so
    > > we're simply not "seen." Clearly, crossing an intersection with a 4-way
    stop
    > > is dangerous and cyclists must assume they're invisible and proceed accordingly... JAZ
    >
    > 4-way stops may be slightly complicated, but pretending invisibility isn't the solution. I believe
    > the cyclist should, instead, look and act like a confident, legal road user who _will_ take his
    > right of way. Be there and be real!
    >
    > I approach a 4-way stop by taking the lane. I don't want anyone thinking they're going to come
    > along side and drag-race me to get past, and I definitely don't want anyone hitting me with a
    > right hook.
    >
    > I give everybody the eye as I'm approaching. Usually, there's little doubt who has the ROW (based
    > on arrival time). If it's me, I'll be conspicuously looking at the other drivers as I take my
    > turn. On a few occasions, I've shaken my head at someone who looked like they were going to try to
    > cheat. Rarely, I've had to yell.
    >
    > I try to avoid "You go... No, you go..." types of disputes. If the motorists are not sure
    > whether they should take their ROW - for example, if arrival time is a tie, and they're on the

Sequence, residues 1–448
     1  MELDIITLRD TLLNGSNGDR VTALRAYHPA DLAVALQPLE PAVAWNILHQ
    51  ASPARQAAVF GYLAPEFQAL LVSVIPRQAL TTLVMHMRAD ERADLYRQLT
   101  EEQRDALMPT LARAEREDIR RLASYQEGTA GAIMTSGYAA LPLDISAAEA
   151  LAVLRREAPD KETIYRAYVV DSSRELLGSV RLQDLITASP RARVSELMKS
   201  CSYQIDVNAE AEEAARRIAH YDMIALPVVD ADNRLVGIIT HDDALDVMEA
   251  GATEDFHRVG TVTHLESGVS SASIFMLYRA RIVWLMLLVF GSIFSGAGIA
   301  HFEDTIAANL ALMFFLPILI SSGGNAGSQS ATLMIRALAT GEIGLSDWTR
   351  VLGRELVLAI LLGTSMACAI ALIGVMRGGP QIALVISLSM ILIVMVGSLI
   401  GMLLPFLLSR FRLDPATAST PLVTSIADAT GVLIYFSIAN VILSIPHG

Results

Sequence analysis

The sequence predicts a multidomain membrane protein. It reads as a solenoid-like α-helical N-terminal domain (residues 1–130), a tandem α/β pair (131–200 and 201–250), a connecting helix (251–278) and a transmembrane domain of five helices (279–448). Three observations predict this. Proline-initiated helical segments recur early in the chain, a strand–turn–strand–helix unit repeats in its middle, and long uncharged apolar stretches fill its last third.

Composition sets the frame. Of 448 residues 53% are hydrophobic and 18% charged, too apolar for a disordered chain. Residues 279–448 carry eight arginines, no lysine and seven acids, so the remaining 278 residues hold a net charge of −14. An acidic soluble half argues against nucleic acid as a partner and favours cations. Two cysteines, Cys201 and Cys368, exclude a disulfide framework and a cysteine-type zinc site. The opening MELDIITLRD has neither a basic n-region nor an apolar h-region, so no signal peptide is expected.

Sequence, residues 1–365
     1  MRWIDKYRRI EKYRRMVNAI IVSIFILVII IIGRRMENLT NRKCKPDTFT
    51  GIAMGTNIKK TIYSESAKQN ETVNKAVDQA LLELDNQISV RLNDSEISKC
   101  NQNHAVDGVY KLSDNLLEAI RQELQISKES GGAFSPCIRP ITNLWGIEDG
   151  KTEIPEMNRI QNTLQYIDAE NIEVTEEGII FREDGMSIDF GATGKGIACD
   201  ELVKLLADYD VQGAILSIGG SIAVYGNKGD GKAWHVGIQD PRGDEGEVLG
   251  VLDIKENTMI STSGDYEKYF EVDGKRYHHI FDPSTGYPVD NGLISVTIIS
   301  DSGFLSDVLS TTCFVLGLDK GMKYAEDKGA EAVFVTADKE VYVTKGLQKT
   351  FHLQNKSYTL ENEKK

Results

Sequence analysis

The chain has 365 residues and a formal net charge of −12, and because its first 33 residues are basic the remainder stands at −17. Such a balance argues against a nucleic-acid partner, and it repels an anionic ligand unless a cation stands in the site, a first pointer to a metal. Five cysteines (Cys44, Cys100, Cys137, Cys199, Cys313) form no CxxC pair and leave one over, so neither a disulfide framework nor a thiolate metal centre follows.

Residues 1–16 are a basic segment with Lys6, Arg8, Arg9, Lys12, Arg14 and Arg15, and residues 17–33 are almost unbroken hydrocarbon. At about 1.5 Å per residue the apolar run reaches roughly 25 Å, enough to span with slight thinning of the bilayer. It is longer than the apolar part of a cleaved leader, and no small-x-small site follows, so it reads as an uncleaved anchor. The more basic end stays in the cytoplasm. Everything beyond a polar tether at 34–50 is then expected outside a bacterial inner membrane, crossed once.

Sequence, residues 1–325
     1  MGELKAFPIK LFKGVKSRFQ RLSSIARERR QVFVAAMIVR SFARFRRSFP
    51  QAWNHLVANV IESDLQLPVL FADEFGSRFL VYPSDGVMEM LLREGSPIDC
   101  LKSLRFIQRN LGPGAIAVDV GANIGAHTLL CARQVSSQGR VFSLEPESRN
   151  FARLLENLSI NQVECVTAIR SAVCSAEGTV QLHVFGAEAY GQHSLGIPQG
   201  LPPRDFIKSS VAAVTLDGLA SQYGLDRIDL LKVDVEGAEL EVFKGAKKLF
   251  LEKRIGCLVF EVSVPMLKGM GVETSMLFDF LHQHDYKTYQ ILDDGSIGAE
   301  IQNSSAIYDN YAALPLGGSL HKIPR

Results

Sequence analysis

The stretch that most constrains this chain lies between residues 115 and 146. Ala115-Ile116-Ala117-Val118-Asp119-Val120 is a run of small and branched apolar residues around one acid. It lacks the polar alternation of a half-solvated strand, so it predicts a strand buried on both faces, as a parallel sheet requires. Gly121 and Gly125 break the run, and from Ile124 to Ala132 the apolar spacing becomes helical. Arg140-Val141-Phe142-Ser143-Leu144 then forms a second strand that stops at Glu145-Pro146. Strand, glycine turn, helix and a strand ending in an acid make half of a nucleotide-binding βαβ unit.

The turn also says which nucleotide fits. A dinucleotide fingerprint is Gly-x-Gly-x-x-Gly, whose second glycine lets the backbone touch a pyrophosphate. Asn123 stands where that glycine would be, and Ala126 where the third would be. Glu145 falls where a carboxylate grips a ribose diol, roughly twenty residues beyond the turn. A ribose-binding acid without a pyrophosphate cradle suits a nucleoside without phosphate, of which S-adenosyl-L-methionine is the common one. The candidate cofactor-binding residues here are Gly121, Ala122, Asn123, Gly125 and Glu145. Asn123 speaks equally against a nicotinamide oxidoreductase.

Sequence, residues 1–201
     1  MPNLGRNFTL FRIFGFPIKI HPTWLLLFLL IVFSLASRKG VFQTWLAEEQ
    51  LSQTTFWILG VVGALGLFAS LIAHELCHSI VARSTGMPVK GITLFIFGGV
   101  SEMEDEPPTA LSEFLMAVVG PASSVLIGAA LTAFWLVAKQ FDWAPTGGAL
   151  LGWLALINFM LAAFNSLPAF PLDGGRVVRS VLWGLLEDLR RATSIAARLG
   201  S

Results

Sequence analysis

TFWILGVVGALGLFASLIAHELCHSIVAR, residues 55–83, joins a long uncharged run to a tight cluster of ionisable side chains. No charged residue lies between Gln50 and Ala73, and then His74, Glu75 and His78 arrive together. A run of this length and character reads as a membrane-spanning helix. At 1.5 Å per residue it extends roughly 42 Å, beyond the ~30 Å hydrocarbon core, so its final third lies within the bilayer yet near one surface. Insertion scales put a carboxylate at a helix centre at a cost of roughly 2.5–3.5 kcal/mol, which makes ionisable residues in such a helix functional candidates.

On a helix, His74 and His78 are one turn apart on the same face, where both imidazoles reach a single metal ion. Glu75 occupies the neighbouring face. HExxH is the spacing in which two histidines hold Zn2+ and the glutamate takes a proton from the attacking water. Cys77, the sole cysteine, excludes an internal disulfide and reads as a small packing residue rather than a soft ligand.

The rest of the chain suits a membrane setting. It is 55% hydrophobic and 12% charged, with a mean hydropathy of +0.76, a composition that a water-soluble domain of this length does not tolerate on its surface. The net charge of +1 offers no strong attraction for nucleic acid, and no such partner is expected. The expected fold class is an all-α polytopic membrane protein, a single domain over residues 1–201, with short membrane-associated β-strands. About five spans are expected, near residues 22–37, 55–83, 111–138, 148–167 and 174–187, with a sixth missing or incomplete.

> right, and unsure the crazy guy on a bike will stop - I wave them through as I'm still
    > approaching. I know the rules, I know I'll stop, and I don't mind taking charge if all it means
    > is reinforcing the laws.
    >
    > OTOH, if the rules say I've got the ROW, I won't stop for more than a fraction of a second. In
    > particular, if traffic is backed up so people really are having to take turns, I take my turn very
    > quickly. I'll usually start out before the previous car is even out of the way.
    >
    >
    > And BTW - if it's _not_ a 4-way, but a regular 2-way stop and I have the ROW, I will not coast!
    > Even if it's a downhill, I'll "soft pedal" so they see that I am really coming through - that I
    > have no intention of relinquishing my ROW.
    >
    > Don't be invisible. Be confident in the rules, and take control of the situation. If you're good